Edward Snowden, the NSA whistleblower. Photograph: Getty Images
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Laurie Penny on whistle-blowing: What do Edward Snowden, Bradley Manning and the Steubenville hacker have in common?

Expose injustice and pay the price.

Bad things happen to whistleblowers right now. Last year, two high-school football players in Steubenville, Ohio, raped an unconscious sixteen-year-old girl over several hours. They took photo footage of themselves doing it, and shared it among their friends. When the pair were finally convicted and sentenced to between one and two years in jail earlier this year, mainstream news outlets wailed that two promising athletes had had their futures ruined, the implication being that the victim really should have shut up and kept quiet and understood that her future and her trauma are far less important than the ambitions of young men.

What was truly shocking, however, was that the case was only prosecuted after a sustained campaign by internet activists, including the protest group Anonymous, which released video and photographic evidence of the crime and drew the world's attention to how little local law enforcement cares about rape victims. Now one of the hackers who helped bring the Steubenville rapists to justice, 26-year-old Deric Lostutter — otherwise known as “KYAnonymous” - is being prosecuted by the FBI

If convicted of computer-related crimes, Lostutter could spend ten years in jail. That's at least five times as long as the rapists. Even if he isn't convicted, his defence could cost hundreds of thousands - he is collecting donations online. Lostutter is entirely unapologetic, and told Josh Harkinson at Mother Jones that he believes that the FBI and Steubenville officials are pursuing him to send a message: “They want to make an example of me, saying, ‘You don’t fucking come after us. Don’t question us.’"

This is how the surveillance state works, and it's also how patriarchy works. The message is: don't tell. Don't ever tell. The people who have power, whether that's the state or the boys on the football team, are allowed to know what you're up to, constantly, intimately, and they can and will punish you for it, but if you turn the tables and show the world how power is abused, you can expect to be fucked with, and fast.

I've been trying for a while now to convince the geek activists and hackers in my life that the fight for the principles of free speech, the fight against surveillance and the fight for a society where whistleblowers are protected, is a feminist fight. Steuvenville isn't the only case where the internet has pursued justice for rape victims where the state was unwilling to do so. There is a growing awareness that commitment to openness and transparency as organising principles necessarily involves a commitment to a new kind of sexual politics. Patriarchy doesn't like it when you tell its secrets, and neither does the government.

Secrecy is only supposed to work for the strong against the weak. Right now Edward Snowden, the former CIA technical operative who leaked data exposing the extent of Anglo-American state internet surveillance to the world, is in hiding in Hong Kong. Snowden, 29, sacrificed everything to tell the world. "The NSA has built an infrastructure that allows it to intercept almost everything. With this capability, the vast majority of human communications are automatically ingested without targeting. I don't want to live in a society that does these sort of things," Snowden told the Guardian. "I do not want to live in a world where everything I do and say is recorded. That is not something I am willing to support or live under." When asked what he thought was going to happen to him now, Snowden replied: "Nothing good."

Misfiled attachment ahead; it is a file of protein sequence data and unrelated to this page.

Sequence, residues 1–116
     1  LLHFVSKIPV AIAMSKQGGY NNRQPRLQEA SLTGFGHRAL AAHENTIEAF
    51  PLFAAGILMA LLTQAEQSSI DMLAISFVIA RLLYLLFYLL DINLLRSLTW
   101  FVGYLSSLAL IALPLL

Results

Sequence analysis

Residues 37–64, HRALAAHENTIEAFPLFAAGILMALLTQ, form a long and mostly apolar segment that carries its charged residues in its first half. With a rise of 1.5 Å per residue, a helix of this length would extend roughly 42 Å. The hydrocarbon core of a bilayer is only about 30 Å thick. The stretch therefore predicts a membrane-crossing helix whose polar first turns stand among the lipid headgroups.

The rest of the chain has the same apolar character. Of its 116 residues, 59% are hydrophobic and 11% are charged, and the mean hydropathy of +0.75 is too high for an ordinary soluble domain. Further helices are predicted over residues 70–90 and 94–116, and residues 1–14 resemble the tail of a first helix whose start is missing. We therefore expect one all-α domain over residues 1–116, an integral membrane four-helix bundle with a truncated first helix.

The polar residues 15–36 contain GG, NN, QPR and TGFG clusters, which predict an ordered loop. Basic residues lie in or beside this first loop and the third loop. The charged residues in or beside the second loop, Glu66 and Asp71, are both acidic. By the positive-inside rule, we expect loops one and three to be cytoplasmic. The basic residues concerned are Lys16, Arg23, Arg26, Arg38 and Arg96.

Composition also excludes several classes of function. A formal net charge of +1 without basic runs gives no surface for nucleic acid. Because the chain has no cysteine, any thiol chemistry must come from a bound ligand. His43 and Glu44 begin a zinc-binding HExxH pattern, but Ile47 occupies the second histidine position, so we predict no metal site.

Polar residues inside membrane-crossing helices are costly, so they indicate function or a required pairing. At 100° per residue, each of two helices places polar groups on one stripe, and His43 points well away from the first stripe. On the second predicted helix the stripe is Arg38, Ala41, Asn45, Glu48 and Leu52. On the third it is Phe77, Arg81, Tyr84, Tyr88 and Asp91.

For now, Edward Snowden is safe. At Fort Meade, Bradley Manning isn't. The Wikileaks whistleblower is preparing to spend the rest of his life in jail for putting private information about US foreign policy, including the murder of civilians in Iraq, in the public domain. It's no accident that both Manning and Snowden are former soldiers who served in Iraq and enlisted because, in Snowden's words, "I felt like I had an obligation as a human being to help free people from oppression." Both were quickly disabused of the notion that the American war in the Middle East is achieving anything of the sort, were horrified to find themselves complicit, and decided to do something about it.

Edward Snowden. Bradley Manning. Deric Lostutter. These young people are on the frontlines of a different war, a war of the old world of violence enforced by secrecy against the new logic of information transparency. It is generational, and it is gendered, and it's about values. The MO of national security, in a world where both the nation state and the notion of security are tenuous ideals, holds that any state should be able to access any information about any person at any time, but not vice versa. You can't ever turn off the internet, nor prevent people having access to it, so ordinary people must learn to fear cracking or publish the private data of state and corporate institutions. We must learn to be silent, to keep secrets, or pay for doing not doing so with our freedom, and possibly with our lives.

Right now, a few brave souls are refusing to learn that lesson. The risks they are taking today will affect how states operate in the future, wherever we live; they will decide whether an information-rich society frees people to have more control over our lives or simply allows governments more control over people. What these hackers are writing isn't just history - it's the base code of future human relations, on the most intimate level. And it’s not just even about the state.

It takes us right back to that kitchen in Steubenville, Ohio, and those pictures of that half-naked teenager slung like a dead deer between her rapists. It’s about who, in the future, will be allowed to hurt and abuse other people and expect complicity. It’s about who will be allowed to speak up and call out, and who will be made to pay the price.